MLB looks to Harper, Trout, Judge to connect with fans
Bryce Harper, Mike Trout and Aaron Judge have become the face of baseball as a gleaming, modernist ballpark and a city known for its Latino culture host the All-Star Game for the first time. After decades of falling behind, the sport finally has stepped up its national promotion.
There's huge room for improvement: Not one player from baseball is among the 100 most famous athletes in the world.
LeBron James, Tom Brady and Tiger Woods dominate water-cooler talk far more than Max Scherzer and Chris Sale, the starting pitchers in Tuesday night's game at Marlins Park.
"I feel he's won 15 rings," Harper said of Brady on Monday. "If you win, you're going to get noticed."
Major League Baseball hopes to break into a wider public consciousness with this new generation — for the first time since at least 1961 there are no All-Stars with at least double-digit selections.
After Rob Manfred succeeded Bud Selig as commissioner two years ago, MLB required sponsors to market top talent. But the tradition-bound sport is still trying to rebound from a quarter-century of labor wars that ended in the late 1990s.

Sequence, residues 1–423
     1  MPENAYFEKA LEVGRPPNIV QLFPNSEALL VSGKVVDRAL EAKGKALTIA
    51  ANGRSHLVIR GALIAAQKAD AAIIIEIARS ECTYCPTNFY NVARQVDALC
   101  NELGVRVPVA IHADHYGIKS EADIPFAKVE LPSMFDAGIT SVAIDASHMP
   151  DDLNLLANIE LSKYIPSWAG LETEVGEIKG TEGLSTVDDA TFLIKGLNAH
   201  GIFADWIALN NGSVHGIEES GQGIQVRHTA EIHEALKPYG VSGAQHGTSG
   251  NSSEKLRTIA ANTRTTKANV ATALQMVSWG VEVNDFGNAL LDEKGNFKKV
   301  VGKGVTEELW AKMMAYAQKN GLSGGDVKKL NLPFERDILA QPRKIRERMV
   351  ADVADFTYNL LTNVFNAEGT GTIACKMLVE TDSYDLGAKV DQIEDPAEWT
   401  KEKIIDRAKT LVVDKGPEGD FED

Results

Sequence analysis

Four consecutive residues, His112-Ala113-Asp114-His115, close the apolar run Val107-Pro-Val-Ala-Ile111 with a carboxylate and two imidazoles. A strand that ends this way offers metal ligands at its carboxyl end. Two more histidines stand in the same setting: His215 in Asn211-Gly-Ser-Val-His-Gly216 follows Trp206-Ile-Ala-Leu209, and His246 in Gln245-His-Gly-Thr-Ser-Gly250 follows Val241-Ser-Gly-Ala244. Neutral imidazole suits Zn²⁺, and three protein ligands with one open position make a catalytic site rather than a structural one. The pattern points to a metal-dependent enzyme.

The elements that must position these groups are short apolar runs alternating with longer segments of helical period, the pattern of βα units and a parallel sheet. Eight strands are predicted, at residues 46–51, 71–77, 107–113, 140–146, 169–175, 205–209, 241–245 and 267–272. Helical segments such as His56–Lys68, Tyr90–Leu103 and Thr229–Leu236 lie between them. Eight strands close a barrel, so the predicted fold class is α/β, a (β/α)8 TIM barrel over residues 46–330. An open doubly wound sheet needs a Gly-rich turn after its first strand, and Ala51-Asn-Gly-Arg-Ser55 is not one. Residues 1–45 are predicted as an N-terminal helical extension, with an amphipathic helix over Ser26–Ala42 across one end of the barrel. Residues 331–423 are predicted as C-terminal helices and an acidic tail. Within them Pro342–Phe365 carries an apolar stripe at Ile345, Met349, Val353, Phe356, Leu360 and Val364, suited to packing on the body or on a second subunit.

"There is little doubt that top baseball players are less recognized than the top athletes in many other sports," said Marc Ganis, president of the marketing company Sportscorp. "Basketball players and the NBA set many trends and are relevant in pop culture. NFL dominates in the U.S. and the second-most popular sport is also football — college football.
"Baseball has the potential to be the cultural star in places like Latin America and Japan, where so many great players come from these days. But in the U.S. and in the Eurocentric, English-primary world, basketball, NFL, soccer, tennis and at certain times golf stars connect more with fans, especially younger fans, and sponsors who covet those fans," he said.
Judge beat hometown slugger Giancarlo Stanton and the rest of the field to win Monday night's Home Run Derby at 5-year-old Marlins Park, a sleek retractable-roof ballpark with splashes of Joan Miro colors, a Red Grooms home run sculpture and a Clevelander night club with a swimming pool just beyond the left-field wall. MLB hopes to continue momentum from the Chicago Cubs' first title since 1908, which drew the highest television rating for the World Series in a dozen years.